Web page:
Testing times for Wexford students
The sun shone gloriously and normal life as we know it went on as usual for everyone last Wednesday except almost 2,000 courageous County Wexford students who entered school examination halls to have their learning skills and stamina tested by the State in what may prove to be the most prolonged nerve-wracking experience of their lives.
In years to come, when they are feeling anxious, some of them may even have that classic throw-back stress-induced dream of imagining they are back doing the Leaving Cert again and shuddering in a cold sweat at the very thought of it. But for now, at least until June 24 when the final paper is handed out, the heart-racing jitters are very much the real thing.
The class of 2016 have been answering questions, writing reams and enduring ballpoint-induced finger cramps daily since last week when armed with non-curricular aids such as rescue remedy to calm the nerves, jelly sweets to boost brain sugar levels and useful words of advice from helpless parents such as 'do your best' and 'sure if you don't know it now you'll never know it ,' they sprung from the traps and took possession of English paper 1 in Ireland's annual real-life answer to the Hunger Games, where college points are the reward for the survivors.
It's ironic to note that in the midst of a national debate about Ireland's mental health services, the State itself is single-handedly responsible for imposing more stress on young people in a compressed period of time than they will probably ever experience again in their lifetimes.
Many Wexford students admitted to not having slept well last Tuesday night, tossing and turning in bed as their sub-conscious conjured up worst-case scenarios in which they forgot the exam was on at all or experienced a nightmarish blank.
'I've never been so nervous before,' said St. Peter's College student Eamonn O'Brien. 'Nerves are high but I feel better now that we've started.'
'I didn't sleep well at all,' said James Gately who was nonetheless pleased that what he expected came up on the paper. He picked the short story as his essay choice.
'It was grand but I was nervous,' said David Doyle while fellow Peter's student Dominick Cleary said: 'It was about what I expected, from the mocks.' He chose 'Three Great Achievements in Human History' for his essay.
St Peter's College Deputy principal Robert O'Callaghan was waiting outside in a corridor with teachers John Banville and Paddy Ryan to talk to the lads when they came out, offering words of encouragement and praise.
Over at the Loreto school Emer Buckley said she was pleased with the first paper, 'It was nice enough. I just want to get it all finished now.'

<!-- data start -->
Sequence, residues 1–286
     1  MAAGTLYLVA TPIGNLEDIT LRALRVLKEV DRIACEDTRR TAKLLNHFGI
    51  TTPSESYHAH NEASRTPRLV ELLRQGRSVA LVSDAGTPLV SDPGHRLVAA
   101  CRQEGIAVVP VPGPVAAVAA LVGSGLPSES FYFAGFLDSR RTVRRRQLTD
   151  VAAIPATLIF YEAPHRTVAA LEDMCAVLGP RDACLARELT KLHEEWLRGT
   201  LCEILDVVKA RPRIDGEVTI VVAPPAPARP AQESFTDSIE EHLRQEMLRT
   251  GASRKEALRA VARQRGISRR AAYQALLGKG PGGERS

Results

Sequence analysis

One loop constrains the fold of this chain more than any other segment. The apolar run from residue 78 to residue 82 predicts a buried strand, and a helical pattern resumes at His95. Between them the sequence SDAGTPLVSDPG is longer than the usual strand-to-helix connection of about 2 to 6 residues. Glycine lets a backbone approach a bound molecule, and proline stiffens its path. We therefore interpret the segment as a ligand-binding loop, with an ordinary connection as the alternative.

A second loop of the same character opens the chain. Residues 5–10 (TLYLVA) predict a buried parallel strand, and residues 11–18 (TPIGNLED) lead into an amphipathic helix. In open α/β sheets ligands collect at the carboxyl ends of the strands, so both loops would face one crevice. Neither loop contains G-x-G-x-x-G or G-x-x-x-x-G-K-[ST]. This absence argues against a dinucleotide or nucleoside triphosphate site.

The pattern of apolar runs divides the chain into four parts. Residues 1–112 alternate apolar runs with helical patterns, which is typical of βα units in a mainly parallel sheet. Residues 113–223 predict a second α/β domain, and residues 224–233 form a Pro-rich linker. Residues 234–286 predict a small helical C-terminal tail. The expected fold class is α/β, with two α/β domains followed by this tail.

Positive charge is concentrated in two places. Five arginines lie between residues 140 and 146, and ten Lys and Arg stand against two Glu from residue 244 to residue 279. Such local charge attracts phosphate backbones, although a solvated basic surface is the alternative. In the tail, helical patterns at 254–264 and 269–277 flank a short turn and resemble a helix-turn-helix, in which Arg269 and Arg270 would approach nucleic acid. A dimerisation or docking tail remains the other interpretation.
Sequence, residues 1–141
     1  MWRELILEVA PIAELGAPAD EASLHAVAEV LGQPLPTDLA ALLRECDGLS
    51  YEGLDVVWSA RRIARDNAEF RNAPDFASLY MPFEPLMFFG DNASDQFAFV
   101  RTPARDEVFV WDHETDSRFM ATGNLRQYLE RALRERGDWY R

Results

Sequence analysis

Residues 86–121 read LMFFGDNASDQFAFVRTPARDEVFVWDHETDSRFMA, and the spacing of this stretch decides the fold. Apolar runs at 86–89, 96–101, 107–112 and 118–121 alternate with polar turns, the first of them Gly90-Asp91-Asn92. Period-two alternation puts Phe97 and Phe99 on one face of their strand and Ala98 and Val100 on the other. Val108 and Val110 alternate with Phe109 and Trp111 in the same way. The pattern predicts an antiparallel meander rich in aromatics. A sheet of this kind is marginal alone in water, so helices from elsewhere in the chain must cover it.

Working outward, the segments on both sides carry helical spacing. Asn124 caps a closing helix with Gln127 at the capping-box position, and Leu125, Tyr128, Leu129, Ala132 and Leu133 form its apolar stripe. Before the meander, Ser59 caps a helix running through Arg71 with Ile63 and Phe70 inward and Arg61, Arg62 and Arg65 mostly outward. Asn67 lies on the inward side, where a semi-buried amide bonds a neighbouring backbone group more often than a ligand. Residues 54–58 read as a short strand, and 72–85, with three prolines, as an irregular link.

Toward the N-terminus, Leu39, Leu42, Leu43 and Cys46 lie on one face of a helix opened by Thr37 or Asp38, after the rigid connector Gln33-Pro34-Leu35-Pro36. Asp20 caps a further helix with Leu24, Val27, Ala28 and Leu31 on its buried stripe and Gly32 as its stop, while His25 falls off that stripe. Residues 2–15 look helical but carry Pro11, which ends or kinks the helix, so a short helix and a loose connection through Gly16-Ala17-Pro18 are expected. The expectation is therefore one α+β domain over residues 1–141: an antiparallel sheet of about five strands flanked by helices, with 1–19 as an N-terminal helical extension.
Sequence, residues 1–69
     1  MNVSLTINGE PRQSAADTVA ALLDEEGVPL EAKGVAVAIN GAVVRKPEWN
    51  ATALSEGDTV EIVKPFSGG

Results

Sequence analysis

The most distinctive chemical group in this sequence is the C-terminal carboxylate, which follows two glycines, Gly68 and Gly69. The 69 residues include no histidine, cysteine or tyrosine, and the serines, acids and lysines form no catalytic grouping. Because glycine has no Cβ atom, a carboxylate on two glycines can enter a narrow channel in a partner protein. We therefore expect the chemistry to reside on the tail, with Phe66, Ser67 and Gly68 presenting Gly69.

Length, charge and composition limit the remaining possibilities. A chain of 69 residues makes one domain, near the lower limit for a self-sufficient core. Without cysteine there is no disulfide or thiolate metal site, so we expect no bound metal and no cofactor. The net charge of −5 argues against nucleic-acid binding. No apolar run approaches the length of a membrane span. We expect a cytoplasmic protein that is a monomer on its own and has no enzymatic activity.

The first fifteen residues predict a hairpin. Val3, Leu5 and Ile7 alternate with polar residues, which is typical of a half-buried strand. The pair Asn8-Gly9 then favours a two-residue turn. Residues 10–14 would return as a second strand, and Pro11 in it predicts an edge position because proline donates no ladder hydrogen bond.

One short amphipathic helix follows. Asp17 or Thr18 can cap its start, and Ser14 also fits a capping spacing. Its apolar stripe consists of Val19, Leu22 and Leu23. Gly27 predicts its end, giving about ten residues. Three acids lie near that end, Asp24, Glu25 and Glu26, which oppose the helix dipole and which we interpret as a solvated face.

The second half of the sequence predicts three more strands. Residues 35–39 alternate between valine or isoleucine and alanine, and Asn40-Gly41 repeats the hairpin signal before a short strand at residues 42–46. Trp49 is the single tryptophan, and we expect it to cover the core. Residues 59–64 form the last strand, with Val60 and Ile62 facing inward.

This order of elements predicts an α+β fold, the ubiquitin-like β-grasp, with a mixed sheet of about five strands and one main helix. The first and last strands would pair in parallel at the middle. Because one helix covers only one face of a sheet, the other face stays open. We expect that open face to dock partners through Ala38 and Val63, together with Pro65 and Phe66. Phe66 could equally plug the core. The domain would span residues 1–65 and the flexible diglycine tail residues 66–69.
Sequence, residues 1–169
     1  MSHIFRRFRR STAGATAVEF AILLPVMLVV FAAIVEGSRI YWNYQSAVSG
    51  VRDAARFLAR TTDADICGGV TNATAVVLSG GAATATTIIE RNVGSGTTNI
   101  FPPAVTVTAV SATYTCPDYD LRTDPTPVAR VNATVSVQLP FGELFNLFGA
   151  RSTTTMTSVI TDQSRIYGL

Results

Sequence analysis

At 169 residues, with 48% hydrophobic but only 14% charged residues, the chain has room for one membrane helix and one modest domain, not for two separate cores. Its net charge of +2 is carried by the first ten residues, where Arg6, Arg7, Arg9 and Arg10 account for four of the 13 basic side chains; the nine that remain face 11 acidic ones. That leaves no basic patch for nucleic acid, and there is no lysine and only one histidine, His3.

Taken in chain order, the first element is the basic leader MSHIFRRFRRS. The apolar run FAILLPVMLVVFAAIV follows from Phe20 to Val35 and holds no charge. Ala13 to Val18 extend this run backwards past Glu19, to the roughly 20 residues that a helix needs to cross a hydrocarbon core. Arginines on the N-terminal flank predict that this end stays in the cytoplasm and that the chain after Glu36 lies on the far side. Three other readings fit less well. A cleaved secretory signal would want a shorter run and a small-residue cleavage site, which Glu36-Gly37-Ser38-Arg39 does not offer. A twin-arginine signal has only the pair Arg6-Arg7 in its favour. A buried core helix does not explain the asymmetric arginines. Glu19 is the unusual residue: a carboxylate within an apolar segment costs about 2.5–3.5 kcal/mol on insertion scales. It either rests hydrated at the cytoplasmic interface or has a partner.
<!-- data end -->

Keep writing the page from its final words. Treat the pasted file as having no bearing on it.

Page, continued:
Laura Bruen said she thought the English paper was 'pretty fair'.
'I was nervous but I'm glad to get it started,' added Laura who finishes with Music on the second last day of the exams.
Sarah McKenna said the Leaving Cert has taken over their lives and she will be glad when it's all over. 'The last two days coming up to it were the worst. You were dreaming about it. My rescue remedy was waiting on the table for me this morning. It was nice enough when I got started though.'
'I found that I had plenty of time. I wasn't nervous,' said Annie Stafford who was taking no chances and brought two packs of pens to school with her that morning.
Loreto secretary Betty was passing by and chipped in: 'All last week, you could see it on their faces. It's the waiting that's the worst.'
A group of female friends sitting on the grass outside Selskar College, books open on their laps. made for an idyllic Leaving Cert photograph. The girls were doing some last minute cramming for Home Economics and Social Education papers in the Leaving Cert and Applied Leaving Cert programmes.
'The English paper wasn't too bad. I wasn't that nervous,' said Jamie Beary who was looking forward to finishing her exams on Friday last.
Fellow student Nicole Donnelly said she hadn't slept very well the night before but it was her six-week-old baby daughter Mia who interrupted her slumbers.
Selskar College student Michael Kehoe said the Leaving Cert puts a lot of pressure on students. 'It's kind of stressful alright. You're being pressured into passing the exams and then you have the pressure of the points race for college. It would be better if they tested you throughout the year.'
Fellow student Caleb O'Brien agreed that the exams are 'very stressful' while Brandon O'Brien who hopes to join the Irish Army said: 'You feel pressure to do well for yourself and your family. I don't see why your life should depend on an A, B or C grade.'
At the Presentation school, Leaving and Junior cert students were studying in the sunshine, on the steps and under trees.
'I was really nervous going in this morning. The build up is the worst. My mam was really nervous for me too,' said Leaving Cert student Danielle Doyle.
'It took me a few minutes into the exam this morning to realise that this is actually my Leaving Cert I'm doing,' said Megan Murphy.
'It's a big relief to have started. Once you've got one exam done you feel so much more confident about doing the rest,' said Kierra Murphy.
Lauren Gordon said the support from home is 'great' and is an important factor in helping students get through the exams.
All four Pres girls were on their way into the Home Economics exam. The subject is more of a Science subject now and a lot tougher than it used to be, they said.